Dealing with clients who don’t submit a payment can lead to bad debt, a dent in cash flow and stress. There are several ways to get back to recoup what you’re owed. As a security business owner, the last thing you can afford or want is a client who is reluctant to pay you. Receiving late payments, or no money at all, can push you into bad debt or severely cramp your cash flow. Let’s call a spade for what it is. The security guard is generally a poor person and does not have a big budget. They need to be paid on or before the last day of each month. Luckily, sometimes there are resources available in the security company and steps can be taken to help make things right.
While in business it is assumed you will be paid for the service you provided, things don’t always go as planned. Unfortunately, there are occasions when clients simply don’t pay or delay payment. As uncomfortable or frustrating as it may be, approaching a non-paying customer doesn’t have to be difficult. You can combat this problem by diplomacy, seeking legal action, reviewing your contracts or contacting collections agencies, just to name a few solutions.
Preventing payment issues
Chasing a nonpaying customer is often a messy process, so it’s best to take the following precautions to avoid the issue altogether:
- Research your client.
- Have a contract.
- Ask for a deposit.
Approaching clients who submit a payment
Sometimes, no matter what you do to prevent the issue, you’re still left empty-handed. If you’ve taken all the precautions and a client still hasn’t paid the invoice, you need to act fast. Here’s how you should proceed:
Weigh your options
Ask yourself if chasing down the client is really worth it. If the payment was only a small percentage of your yearly income, it may be better to let it go and write off the client for future business. You could end up spending more money and energy than what the invoice is worth. Clients who pays 30 days in advance are usually the one’s to breach contract, by not paying on the payment date as stipulated in the agreement. Best-case scenario, if you have a winnable case, and the defendant has the money to pay and doesn’t declare bankruptcy, you usually will still have to pay your own attorney’s fees to collect, and those can accumulate to tens or even hundreds of thousands of Rands, depending on the complexity of the case.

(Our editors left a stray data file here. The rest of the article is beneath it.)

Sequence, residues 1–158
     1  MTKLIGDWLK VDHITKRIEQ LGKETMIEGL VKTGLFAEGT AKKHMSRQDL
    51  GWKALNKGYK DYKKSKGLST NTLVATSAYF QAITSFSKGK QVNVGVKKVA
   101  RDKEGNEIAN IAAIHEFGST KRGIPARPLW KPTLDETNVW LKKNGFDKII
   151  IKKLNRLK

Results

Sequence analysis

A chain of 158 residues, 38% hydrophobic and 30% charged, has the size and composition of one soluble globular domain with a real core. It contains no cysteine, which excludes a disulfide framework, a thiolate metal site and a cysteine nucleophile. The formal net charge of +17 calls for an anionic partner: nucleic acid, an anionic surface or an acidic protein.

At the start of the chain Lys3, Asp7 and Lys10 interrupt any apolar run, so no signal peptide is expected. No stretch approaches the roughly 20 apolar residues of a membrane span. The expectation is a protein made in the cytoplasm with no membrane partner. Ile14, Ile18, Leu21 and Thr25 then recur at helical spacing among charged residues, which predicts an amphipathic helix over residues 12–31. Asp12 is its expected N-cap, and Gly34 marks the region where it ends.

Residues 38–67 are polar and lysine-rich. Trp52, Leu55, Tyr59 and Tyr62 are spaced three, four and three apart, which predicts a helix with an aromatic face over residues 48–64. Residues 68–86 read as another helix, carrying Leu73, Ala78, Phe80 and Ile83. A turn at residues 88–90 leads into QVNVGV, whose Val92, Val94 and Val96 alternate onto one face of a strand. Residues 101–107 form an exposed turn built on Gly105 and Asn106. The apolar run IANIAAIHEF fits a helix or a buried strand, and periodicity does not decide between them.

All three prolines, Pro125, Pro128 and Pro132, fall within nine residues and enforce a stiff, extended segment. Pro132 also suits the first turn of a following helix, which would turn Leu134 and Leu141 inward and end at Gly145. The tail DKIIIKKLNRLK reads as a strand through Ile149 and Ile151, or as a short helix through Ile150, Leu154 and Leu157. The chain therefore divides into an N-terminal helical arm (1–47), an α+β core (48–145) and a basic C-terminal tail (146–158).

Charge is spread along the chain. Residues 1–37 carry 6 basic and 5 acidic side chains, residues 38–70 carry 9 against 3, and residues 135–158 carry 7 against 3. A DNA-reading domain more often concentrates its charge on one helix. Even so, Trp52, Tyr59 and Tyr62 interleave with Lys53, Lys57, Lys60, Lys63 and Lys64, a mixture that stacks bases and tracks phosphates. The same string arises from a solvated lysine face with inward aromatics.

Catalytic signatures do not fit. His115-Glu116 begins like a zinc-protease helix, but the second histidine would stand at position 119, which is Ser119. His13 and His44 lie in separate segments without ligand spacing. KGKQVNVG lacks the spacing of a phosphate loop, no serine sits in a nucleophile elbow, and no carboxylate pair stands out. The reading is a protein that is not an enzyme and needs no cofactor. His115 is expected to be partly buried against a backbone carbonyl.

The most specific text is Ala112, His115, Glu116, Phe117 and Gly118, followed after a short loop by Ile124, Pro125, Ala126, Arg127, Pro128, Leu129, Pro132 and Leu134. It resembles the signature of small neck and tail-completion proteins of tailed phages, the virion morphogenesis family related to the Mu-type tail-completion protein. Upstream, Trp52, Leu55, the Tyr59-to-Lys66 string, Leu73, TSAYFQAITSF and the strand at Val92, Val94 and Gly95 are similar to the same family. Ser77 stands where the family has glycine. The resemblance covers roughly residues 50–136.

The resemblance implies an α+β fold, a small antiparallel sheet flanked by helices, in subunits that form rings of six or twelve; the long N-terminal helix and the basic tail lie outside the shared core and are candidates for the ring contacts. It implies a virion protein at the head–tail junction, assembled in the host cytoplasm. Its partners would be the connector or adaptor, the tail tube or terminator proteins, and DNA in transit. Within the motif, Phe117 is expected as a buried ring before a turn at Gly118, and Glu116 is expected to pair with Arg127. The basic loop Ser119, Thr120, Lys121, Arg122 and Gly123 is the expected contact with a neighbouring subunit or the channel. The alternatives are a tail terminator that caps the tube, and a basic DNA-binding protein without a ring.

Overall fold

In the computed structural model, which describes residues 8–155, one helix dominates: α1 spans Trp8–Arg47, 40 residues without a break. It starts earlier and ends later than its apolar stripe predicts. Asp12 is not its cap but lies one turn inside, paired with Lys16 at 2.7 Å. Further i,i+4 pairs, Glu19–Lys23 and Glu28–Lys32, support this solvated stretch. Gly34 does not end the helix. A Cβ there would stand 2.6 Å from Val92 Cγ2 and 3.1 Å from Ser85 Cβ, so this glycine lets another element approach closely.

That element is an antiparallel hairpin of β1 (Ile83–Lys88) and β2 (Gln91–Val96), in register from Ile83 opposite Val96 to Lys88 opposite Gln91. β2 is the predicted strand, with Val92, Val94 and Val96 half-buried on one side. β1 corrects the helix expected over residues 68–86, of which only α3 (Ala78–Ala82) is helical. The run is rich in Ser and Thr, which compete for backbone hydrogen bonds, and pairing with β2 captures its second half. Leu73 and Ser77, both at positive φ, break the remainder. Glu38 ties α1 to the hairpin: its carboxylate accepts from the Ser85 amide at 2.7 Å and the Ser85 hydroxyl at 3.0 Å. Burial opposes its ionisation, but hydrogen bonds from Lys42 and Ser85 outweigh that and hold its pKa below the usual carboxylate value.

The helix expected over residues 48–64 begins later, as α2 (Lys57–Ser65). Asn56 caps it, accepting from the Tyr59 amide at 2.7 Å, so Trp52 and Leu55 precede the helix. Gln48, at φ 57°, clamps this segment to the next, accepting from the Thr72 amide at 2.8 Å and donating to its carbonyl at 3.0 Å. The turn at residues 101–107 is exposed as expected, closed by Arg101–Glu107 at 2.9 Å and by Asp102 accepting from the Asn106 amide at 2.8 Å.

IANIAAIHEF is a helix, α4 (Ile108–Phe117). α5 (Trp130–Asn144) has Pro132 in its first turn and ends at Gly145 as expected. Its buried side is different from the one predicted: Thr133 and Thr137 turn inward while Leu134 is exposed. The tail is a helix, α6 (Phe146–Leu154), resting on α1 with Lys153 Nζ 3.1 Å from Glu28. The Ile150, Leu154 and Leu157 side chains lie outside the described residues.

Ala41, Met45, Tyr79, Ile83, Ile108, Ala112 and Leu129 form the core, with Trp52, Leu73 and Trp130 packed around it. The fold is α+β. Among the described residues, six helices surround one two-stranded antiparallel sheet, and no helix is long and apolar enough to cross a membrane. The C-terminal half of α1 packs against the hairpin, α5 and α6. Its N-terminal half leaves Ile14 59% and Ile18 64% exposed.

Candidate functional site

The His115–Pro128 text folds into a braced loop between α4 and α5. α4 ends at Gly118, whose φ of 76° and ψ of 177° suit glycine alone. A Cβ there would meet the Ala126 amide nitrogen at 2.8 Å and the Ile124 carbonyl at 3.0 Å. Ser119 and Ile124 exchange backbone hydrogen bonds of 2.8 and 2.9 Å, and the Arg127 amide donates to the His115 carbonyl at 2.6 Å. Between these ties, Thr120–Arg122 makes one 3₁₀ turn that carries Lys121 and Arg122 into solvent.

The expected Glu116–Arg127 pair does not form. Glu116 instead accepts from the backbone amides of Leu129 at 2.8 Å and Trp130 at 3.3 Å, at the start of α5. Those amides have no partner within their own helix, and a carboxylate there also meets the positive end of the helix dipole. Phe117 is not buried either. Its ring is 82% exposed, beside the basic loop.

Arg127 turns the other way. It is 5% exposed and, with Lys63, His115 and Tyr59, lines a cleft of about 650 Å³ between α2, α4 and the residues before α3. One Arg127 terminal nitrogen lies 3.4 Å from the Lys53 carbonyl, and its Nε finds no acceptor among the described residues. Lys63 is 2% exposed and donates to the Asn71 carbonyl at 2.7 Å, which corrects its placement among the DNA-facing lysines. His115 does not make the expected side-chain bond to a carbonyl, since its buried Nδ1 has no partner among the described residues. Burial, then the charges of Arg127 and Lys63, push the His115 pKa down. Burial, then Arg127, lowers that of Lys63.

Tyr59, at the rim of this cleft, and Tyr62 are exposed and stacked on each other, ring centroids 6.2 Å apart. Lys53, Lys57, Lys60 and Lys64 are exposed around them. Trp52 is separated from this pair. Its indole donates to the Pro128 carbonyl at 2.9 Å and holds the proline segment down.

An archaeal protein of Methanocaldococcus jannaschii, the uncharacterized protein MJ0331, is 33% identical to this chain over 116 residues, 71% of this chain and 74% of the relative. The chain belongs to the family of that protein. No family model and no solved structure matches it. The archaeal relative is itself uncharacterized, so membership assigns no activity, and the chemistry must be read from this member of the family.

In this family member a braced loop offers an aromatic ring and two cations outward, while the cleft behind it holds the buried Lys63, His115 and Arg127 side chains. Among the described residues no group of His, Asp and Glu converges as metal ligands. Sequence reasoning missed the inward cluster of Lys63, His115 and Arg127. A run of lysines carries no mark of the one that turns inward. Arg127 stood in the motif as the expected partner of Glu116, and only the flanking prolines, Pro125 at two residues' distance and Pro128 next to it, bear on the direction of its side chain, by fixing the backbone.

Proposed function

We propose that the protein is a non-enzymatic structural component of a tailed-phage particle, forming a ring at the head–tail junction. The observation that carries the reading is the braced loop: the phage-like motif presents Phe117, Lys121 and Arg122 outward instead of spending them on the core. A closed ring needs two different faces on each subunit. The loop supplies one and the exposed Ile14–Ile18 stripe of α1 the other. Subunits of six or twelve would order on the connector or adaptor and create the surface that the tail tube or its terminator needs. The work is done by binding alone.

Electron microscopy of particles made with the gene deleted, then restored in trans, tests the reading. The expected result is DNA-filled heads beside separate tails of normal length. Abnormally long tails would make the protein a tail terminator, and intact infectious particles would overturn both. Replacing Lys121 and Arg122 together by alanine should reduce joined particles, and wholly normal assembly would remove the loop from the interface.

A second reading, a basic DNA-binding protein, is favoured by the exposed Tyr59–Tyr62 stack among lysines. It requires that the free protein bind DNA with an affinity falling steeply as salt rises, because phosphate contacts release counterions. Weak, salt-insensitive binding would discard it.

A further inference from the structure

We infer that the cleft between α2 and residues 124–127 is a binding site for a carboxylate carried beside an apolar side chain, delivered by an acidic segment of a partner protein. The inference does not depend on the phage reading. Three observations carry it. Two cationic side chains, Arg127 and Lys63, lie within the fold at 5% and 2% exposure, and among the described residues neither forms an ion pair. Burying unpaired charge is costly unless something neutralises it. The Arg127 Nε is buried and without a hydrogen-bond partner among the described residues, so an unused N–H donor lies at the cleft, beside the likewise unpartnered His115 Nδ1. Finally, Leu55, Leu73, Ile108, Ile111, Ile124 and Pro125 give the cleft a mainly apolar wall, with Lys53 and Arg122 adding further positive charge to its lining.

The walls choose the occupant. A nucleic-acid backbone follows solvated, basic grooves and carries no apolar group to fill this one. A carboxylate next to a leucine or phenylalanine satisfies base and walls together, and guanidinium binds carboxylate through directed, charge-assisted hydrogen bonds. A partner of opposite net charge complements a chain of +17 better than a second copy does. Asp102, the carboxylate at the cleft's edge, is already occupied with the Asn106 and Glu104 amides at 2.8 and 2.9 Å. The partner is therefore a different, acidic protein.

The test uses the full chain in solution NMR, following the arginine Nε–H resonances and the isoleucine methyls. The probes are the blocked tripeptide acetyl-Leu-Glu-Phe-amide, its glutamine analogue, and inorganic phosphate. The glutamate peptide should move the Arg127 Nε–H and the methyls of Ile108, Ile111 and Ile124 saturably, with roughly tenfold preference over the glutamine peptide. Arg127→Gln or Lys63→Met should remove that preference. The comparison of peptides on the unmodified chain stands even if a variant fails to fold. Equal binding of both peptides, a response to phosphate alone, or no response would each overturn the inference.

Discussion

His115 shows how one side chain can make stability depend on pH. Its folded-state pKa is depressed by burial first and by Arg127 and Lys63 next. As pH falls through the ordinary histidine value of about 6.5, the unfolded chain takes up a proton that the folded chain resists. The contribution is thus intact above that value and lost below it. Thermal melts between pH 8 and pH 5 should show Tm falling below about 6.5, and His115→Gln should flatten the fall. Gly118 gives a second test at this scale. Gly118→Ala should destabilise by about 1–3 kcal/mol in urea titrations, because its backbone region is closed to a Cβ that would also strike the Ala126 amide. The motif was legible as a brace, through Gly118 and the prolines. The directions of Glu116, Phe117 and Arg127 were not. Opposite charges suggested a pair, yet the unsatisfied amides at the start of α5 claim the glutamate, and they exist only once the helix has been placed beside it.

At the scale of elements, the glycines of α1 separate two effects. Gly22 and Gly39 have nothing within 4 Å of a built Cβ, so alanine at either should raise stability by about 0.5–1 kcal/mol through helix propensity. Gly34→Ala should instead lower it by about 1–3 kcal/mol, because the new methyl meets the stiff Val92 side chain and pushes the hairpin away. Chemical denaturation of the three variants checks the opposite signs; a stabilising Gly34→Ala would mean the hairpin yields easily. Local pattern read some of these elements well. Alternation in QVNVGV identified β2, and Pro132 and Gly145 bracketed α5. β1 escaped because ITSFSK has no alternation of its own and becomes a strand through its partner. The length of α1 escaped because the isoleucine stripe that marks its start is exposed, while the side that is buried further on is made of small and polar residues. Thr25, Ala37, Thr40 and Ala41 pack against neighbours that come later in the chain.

Don’t hesitate to send out a letter or email if the invoice has not been paid by the agreed-upon date. There’s always a possibility that the invoice was lost or misplaced. Maybe the client was on vacation or had a family emergency. You shouldn’t instantly assume that the client is a deadbeat because they didn’t pay on time. Send them a friendly yet firm email reminding them that the invoice is past due, (I call it a “soft reminder”) and you’d like to resolve the issue as soon as possible. Also, ask if they have any concerns with the product or service that you provided, or if they need assistance with the payment process.
Talk to a lawyer
If your client is still resisting or ignoring your requests and the unpaid invoice is worth the trouble, consult a third party, someone who is not a friend or an individual whose help you sought out online. Seek legal advice from an actual attorney who can suggest which legal courses of action you can take against the customer. Once you’ve tried all else, it’s best to hire a lawyer to write a letter of demand. Many businesses and individuals do not understand the legal obstacles involved in collections. If they are a debtor and your lawyer contacts them, many will just pay without analysing further, or they will terminate the contract.
File a small claims case
As last resort, you can also take your grievances to a small claims court, which is specifically designed for minor disputes. You can utilise this court if the money in question is under a certain amount. For any situation at your clients premises, security is the point of reference. Security is the first to answer questions, sort out problems, and maintain a secure environment, but often the last to be paid by the client. Security should be on the priority list of payments by the client.
Need a reliable security company to ensure your safety? Contact the South African Association of Unified Security today.